Receiving a couple of shilling in pocket money to purchase a treat at the store each week was a highlight for many growing up, with some trying to stretch the small sum as far as they could while others chose to save it up in the piggy bank.
However, it seems things have changed since Baby Boomers were children, with TV host Cassandra Thorburn revealing the surprising and quite generous amount of cash she gives her children.
Speaking about paying kids for doing chores around the house during a segment of Studio 10 on Thursday, the mother-of-three claimed she refuses to pay for them to pull their weight, but she does gift kids Jackson, River and Ava a set amount of pocket money, The Daily Mail reports.
“I give them pocket money based on their age,” Cassandra explained on the show. “Like, if you’re 12, you get $12 a week. That’s what I’ve always done.”
The 48-year-old went on to say that the pocket money isn’t for doing chores around the home and her children are expected to help out when asked without any reward.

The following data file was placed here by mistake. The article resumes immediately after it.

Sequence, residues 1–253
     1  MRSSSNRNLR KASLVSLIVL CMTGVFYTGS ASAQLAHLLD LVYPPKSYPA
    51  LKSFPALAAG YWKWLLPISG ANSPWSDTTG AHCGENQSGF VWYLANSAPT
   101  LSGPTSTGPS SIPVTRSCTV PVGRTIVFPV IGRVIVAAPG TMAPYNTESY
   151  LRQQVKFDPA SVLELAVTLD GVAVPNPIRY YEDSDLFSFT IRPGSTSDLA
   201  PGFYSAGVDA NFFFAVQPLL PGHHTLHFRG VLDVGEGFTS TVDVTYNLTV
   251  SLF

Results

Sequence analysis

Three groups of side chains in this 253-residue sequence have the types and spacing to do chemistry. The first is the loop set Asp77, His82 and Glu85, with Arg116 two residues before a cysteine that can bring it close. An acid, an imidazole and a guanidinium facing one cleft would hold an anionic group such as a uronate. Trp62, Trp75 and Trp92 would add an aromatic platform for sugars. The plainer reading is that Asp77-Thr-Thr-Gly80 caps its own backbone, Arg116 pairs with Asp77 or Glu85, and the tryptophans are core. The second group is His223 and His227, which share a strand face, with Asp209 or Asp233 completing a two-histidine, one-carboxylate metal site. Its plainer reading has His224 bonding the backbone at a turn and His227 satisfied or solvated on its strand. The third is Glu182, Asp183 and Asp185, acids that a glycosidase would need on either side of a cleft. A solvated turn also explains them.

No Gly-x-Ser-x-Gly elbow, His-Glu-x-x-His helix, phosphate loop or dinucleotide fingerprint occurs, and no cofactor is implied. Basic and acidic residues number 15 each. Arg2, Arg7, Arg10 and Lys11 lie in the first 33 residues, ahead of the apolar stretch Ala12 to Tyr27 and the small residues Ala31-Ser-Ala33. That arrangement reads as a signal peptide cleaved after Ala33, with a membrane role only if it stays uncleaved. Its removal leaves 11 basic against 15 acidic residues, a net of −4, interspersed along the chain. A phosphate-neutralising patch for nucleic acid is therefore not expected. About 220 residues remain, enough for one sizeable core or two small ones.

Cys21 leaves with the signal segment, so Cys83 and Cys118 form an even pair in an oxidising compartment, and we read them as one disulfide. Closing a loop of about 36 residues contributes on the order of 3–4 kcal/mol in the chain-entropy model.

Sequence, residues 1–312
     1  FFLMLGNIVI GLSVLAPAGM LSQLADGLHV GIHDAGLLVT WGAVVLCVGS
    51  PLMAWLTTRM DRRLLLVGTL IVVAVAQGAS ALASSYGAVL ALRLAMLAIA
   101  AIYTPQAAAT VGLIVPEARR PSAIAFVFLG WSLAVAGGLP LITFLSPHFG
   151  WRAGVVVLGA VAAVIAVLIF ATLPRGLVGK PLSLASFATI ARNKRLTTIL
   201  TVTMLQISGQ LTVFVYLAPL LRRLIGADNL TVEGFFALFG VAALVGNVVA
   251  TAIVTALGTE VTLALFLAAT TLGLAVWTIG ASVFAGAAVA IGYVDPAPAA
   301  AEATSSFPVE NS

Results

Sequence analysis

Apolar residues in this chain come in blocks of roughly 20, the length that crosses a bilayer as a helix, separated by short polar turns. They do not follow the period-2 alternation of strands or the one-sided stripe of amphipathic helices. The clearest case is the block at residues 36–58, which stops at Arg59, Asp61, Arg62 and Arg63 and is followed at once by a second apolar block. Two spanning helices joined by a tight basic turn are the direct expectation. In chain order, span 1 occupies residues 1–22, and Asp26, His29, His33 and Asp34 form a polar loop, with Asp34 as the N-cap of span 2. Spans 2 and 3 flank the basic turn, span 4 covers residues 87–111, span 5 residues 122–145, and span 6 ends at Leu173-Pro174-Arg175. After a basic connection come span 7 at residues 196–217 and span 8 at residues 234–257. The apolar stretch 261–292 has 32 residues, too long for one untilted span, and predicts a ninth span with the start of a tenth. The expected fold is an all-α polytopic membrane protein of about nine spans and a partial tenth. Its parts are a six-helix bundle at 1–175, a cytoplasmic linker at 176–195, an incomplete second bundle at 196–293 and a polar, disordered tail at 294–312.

“I don’t put money to chores,” she confirmed according to The Daily Mail. “I do ask them to do things. And they are expected to do things. But the whole bribery thing. No. Nah. It just doesn’t work.”
While the amount Cassandra pays her kids may be far higher than what Baby Boomers received as children, according to a report released late last year that is nothing compared to what some Aussie parents are dishing out.
A survey conducted by the Financial Planning Association found some teenagers are earning as much as $40 a week, with even those under 10-years-old adding $10 a week to their savings by completing basic chores.
The study, published by Share the Dream, analysed a total of 1000 parents with the shocking figures revealing that nine to 13-year-olds are earning between $5 to $19 of pocket money a week, while older teenagers are taking claim to between $10 and $39 for their efforts around the house.
Discussing the topic on the Today Show at the time, host David Campbell posed the question to parents whether $40 is too much and questioned how the amount compares to what they received themselves when they were younger.
Baby Boomers were quick to jump in on the chat, with many remembering just how little they received for the gruelling chores they helped out with each week.
“We got our 20C for the movies every Saturday but any extra needed we got from collecting glass soft drink bottles from the neighbours. We just had to do our jobs. No other choice,” one person commented on the Facebook post.
While another simply said: “None, I did housework because you just did.”